Our consciousness serves as a personal built-in moral guide, a nagging voice of reason that urges us to be more, do better and go higher in a meaningful way. A voice that nudges us towards what we ought to, despite what we may want to. Our mind may sometimes tell us all kinds of stories. But deep down inside there is a voice that knows what the right action is in any set of circumstances. This voice that may cause some tension at times, is referred to as spiritual tension. Whereas this kind of tension that helps us grow and develop is intentionally a good mental energy, things can go wrong. When we lose our connection with our own moral guidance, we start fabricating mental constructs that may cause unhappiness or suffering that could eventually escalate into an existential crises. When someone looses touch with a personal sense of identity and purpose, or looses the “why” in their lives, they may experience an emptiness with feelings of helplessness, frustration, futility and meaninglessness. Also referred to as “Sunday neurosis” this is an existential vacuum and generally a state of extreme disconnection between what we think we are, and what we ought to be (or can be). Typical behaviour patterns in these situations are depression, aggression or addiction which we have all seen somewhere in our lives.
Logotherapy as a meaning centred form of counselling has a particular view on depression. Based on the work of Dr Viktor Frankl, Logotherapy aims to connect us with a strong sense of purpose and responsibility that will help us to navigate through life with a deep sense of meaning. Logos, the Greek word for meaning, is deemed to be the ultimate expression of human endeavour. Some would say that the ultimate meaning of anyone’s life is to self-transcend and become better than you are. To be meaningful and of value to others is what makes life truly special. Logotherapy differs from other psychoanalytical models in that whereas psychotherapy hope to bring instinctual facts to consciousness, Logotherapy brings to awareness our spiritual realities. And with it a strong sense of responsibility to life. When we loose our sense of “why”, suffering or hardship becomes meaningless. Logotherapy teaches us that suffering without meaning is despair, but that meaning can be experienced despite suffering if we are clearly aware of the “why”. There are many examples of people experiencing unavoidable suffering (illness or loss) yet able to live with a strong sense of meaning and purpose, as we will see later in this article.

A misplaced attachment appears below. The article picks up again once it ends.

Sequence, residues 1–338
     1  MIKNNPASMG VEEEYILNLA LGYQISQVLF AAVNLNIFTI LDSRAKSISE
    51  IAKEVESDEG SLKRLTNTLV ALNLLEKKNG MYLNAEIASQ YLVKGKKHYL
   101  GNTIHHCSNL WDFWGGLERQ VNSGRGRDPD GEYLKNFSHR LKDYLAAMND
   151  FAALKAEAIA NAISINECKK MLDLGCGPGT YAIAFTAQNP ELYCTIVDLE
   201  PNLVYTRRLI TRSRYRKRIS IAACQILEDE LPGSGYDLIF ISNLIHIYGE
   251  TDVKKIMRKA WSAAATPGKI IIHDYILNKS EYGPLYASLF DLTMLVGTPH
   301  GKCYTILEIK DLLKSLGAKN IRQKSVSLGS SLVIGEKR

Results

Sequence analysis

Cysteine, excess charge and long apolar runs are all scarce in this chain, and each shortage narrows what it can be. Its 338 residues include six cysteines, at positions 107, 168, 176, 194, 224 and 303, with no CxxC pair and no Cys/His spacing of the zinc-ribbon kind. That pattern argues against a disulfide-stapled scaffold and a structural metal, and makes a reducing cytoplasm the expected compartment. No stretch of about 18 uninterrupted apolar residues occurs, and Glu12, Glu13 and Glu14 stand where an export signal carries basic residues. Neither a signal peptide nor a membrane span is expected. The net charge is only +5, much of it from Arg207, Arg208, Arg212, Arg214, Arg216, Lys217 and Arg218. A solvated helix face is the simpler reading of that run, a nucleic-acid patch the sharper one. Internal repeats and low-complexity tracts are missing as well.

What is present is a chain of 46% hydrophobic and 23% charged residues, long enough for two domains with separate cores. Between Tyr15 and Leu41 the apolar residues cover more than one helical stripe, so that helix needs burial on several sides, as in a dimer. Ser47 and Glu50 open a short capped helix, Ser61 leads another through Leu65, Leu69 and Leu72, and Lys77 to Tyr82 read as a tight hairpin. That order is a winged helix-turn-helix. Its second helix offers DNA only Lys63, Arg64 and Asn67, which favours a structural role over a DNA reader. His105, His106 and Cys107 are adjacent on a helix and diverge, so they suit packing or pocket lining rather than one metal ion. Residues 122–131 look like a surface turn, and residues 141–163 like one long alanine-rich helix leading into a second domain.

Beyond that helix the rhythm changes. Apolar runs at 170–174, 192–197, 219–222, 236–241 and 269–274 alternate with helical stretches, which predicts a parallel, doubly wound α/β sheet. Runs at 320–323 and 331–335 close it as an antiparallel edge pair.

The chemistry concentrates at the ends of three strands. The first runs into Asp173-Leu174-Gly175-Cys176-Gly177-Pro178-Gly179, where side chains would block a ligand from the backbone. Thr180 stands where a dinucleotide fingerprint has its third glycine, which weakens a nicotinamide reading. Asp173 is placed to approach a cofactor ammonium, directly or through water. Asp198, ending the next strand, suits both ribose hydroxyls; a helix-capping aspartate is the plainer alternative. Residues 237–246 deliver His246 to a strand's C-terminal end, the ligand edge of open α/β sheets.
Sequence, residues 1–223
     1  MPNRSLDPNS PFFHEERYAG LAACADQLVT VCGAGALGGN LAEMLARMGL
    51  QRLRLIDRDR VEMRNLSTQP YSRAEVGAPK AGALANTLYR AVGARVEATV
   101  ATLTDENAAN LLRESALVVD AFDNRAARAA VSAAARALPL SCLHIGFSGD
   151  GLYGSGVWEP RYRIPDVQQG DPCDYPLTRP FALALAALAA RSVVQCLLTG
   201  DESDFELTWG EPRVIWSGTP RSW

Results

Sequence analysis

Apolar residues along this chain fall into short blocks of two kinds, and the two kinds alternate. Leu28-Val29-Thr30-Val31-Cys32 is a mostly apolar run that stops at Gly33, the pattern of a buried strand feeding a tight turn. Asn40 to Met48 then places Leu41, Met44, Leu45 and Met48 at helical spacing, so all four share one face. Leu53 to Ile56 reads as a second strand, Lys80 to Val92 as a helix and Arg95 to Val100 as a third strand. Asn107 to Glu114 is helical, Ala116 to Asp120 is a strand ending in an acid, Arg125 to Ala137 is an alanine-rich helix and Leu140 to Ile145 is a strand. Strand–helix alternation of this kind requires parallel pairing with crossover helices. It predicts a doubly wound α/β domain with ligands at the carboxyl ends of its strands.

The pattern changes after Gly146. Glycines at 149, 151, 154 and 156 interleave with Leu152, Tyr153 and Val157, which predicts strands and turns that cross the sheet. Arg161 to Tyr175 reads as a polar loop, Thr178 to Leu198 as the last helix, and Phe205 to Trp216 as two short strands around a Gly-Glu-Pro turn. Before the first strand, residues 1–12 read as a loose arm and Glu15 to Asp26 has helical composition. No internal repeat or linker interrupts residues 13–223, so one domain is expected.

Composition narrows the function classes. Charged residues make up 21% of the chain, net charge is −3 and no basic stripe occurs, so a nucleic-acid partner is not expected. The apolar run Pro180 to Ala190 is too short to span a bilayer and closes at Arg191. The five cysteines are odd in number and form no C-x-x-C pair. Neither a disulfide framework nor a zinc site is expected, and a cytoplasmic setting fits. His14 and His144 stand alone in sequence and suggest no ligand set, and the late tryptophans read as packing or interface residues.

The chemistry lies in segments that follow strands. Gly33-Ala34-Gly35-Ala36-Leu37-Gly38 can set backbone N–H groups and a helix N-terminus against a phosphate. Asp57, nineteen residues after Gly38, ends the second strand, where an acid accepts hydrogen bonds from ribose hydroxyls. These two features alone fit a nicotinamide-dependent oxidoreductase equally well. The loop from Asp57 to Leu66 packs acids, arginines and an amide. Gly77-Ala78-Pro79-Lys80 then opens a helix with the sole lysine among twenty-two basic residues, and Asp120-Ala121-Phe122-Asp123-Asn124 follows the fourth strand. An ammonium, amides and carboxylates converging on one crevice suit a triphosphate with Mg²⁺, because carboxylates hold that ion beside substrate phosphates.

It is important to note that there is a difference between depression and sadness. Both can be long or short, little or a lot but sadness has an energy about it, whereas depression is lifeless. Depression is a shutting down to avoid pain and when there is no self-efficacy to deal with the pain, it becomes an abyss. Our youth are under immense pressure, probably more so than when parents were their age. Research suggests that the key issues which add pressure to our youth are: academical expectations, family and personal relationships, loss of self-esteem, peer group pressure, no clear personal identity and loss of confidence. Much of the anxiety of today is born from an exaggerated sense of competitiveness that can be a very bad idea. We live in a society where an accumulative mentality dominates and this is not the best foundation to build a life of meaning and success. We need to be mindful of what currency for success we instil in young people and be aware they measure themselves according to what is right for them.
What exactly triggers sad or depressive states differs from person the person yet there may be a common thread. So many young people today live a life based on conformity (doing what others do), or totalitarianism (doing what they are told to do) and are not behaving authentically by their own set of values. So many young people have a plan-less, day-to-day approach to life. Some may have feelings of fatalism – “what’s the use it’s all pointless anyway”. Or some succumb to collective thinking and abdicate their ability to think for themselves. This may be due to many reasons like a lack of clear values and beliefs, or excessive conditioning. Many young people are not sure of what they believe in. A very interesting exercise is to segment personal beliefs into what you were told to believe, and what you believe because you have figured it out for yourself. We have all seen young people blindly following the herd, desperately trying to fit in and be someone recognised. To recognise dominant beliefs and values are critical building blocks on which to construct a life of meaning. And where there is no clear understanding of what those beliefs and value are, it needs to be developed and activated. So many young people blindly adopt beliefs and values they think are correct for them – some may be, but some may not. To “think for yourself” is often quoted, but not always correctly cultivated with the result of leaving young people nodding their heads but essentially rudderless.